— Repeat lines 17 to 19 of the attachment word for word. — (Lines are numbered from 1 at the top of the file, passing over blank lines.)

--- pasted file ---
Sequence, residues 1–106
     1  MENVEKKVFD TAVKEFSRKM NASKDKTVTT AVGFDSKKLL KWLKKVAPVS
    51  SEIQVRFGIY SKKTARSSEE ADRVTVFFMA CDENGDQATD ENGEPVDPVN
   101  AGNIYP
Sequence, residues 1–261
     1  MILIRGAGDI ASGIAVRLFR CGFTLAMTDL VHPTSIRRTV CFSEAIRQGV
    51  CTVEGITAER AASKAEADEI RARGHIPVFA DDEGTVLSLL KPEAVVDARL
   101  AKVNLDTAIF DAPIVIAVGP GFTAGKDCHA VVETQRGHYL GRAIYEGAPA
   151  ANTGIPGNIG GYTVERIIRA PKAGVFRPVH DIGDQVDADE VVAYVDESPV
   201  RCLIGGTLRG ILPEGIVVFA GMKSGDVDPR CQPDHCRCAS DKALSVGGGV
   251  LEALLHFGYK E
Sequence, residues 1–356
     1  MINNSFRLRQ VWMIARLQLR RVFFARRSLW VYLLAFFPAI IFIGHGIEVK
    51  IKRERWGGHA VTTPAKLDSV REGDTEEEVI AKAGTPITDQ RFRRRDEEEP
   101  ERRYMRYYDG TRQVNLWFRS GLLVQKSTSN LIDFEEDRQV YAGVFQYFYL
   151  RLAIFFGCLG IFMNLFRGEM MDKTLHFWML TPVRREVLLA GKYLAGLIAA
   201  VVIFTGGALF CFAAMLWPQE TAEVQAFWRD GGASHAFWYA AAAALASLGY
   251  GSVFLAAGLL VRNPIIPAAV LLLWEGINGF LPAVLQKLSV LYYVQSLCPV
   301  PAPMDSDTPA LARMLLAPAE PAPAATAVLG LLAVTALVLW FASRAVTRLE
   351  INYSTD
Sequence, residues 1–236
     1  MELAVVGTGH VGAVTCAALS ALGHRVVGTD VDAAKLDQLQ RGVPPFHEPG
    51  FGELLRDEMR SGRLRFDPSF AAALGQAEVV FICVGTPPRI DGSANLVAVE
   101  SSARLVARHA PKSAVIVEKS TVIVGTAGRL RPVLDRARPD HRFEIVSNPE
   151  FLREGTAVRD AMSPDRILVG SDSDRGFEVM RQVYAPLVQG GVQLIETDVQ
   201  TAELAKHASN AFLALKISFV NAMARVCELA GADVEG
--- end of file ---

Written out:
   201  VVIFTGGALF CFAAMLWPQE TAEVQAFWRD GGASHAFWYA AAAALASLGY
   251  GSVFLAAGLL VRNPIIPAAV LLLWEGINGF LPAVLQKLSV LYYVQSLCPV
   301  PAPMDSDTPA LARMLLAPAE PAPAATAVLG LLAVTALVLW FASRAVTRLE